For many years, Buick’s were badge-engineered boats, designed by accountants to keep the costs down. Americans responded to this corporate indifference by bypassing of their local Buick dealers, as they went in search of something from Japan or Europe. By the late 90’s, this storied car brand had completely fallen from the premium car segment. Then GM went bankrupt, and the boffins at Buick decided to give the luxury segment another go. This resulted in the Buick LaCrosse and Buick Enclave, two vehicles that finally lived up to the legendary Buick name.
At the end of the 19th century, horsepower was still measured by the number of horses that were hitched to your wagon. And chances were, your wagon was built by the world’s biggest buggy builder; The Flint Road Cart Company. This mammoth international concern was owned by a man named Billy Durant, and he could see that the world would soon be ditching his wagons in favor of the new-fangled ‘automobile’. He wasn’t a fan of these smelly, dangerous contraptions, but he knew there was a lot of money to be made building them.
A Scottish immigrant named David Buick had started making cars under his own name in 1899. Like most car companies of the period, Buick’s enterprise had gone bust just a few years after opening, and it was taken over by principle investor James Whiting. Whiting asked his friend Billy Durant to manage the business, and by 1908, Durant had turned Buick into the best-selling car in America. He then used his share of the profits to buy Buick and form General Motors. In 1912, Durant begins exporting Buick’s to China. The Emperor and President were so impressed with the luxurious American cars that each used Buick’s for their official state vehicles. Nearly a century later, China would become an integral part of Buick’s rebirth.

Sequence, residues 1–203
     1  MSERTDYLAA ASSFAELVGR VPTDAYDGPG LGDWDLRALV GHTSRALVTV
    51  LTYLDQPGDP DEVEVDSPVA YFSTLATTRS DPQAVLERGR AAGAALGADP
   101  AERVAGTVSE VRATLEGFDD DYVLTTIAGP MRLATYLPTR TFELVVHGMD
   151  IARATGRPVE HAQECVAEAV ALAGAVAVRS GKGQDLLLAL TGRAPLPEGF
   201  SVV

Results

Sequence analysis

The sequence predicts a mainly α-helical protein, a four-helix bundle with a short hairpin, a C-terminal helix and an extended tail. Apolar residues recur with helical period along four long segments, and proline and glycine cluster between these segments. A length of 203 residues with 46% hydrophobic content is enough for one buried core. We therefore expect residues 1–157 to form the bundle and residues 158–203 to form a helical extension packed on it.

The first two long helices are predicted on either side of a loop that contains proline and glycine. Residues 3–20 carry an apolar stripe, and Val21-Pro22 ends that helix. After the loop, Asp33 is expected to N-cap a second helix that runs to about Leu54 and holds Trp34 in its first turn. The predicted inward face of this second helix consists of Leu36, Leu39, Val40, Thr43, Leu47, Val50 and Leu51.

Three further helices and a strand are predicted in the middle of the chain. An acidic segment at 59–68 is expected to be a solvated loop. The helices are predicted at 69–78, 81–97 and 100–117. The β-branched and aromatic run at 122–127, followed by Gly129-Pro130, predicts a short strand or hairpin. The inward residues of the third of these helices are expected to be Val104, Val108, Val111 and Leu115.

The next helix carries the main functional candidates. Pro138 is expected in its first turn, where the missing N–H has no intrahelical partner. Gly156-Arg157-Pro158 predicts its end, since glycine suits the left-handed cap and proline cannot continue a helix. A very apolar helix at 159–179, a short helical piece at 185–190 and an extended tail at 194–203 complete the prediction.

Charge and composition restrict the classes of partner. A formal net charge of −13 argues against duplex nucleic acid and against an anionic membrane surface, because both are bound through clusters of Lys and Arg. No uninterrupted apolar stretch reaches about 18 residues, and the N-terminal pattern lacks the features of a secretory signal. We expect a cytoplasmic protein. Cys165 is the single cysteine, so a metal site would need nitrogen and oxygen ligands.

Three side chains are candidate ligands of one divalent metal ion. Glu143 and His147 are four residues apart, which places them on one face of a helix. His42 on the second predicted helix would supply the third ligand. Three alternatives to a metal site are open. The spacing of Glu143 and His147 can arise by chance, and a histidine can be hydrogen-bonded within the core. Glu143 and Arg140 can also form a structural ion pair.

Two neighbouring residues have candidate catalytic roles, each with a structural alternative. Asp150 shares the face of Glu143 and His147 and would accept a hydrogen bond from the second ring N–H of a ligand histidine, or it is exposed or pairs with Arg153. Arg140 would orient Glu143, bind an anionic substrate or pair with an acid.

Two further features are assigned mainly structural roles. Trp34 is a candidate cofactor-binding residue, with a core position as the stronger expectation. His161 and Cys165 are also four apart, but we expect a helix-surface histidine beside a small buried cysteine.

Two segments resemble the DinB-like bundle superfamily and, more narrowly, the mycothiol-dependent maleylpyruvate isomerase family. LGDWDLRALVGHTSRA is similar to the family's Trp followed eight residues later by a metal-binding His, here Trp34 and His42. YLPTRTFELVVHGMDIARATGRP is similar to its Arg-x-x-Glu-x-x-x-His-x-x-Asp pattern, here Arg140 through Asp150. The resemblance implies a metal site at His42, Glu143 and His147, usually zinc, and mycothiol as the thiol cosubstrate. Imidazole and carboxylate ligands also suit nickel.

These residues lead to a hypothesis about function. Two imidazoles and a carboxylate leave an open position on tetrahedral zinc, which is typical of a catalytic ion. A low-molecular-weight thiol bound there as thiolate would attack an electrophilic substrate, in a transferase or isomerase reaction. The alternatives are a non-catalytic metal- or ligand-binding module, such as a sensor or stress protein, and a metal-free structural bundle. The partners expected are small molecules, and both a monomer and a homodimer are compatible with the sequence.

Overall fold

As Billy Durant built his automotive empire, Cadillac became GM’s flagship brand, and the more powerful Buick was slotted below it in the pecking order. Over the decades, Buick was seen as a premium American car, and their peak came in the 1980’s as the midsize Buick Century became their most popular model. Shortly after, well-built cars from Japan and Europe caused people to demand better quality from their expensive cars. GM didn’t adjust with the times, so Buick fell out of favor with American buyers. The Chinese on the other hand, still viewed Buick as a luxury brand. They bought so many of them in fact, GM opened a factory there in 1999, and began to develop Buick’s specifically for the Chinese market.
As GM entered bankruptcy in 2009, it was discovered that Buick was actually turning a hefty profit in China. The people there, loved big toothy grilles, and blinding amounts of chrome. So Buick gave it to them, and in 2011, the Buick Excelle became the best-selling car in China. A few years later, GM decided to sell the wildly popular Excelle here as the Buick Verano. And Shanghai has also been deeply involved in the styling of the brand’s other hit, the Buick LaCrosse. Mr. Durant would be proud.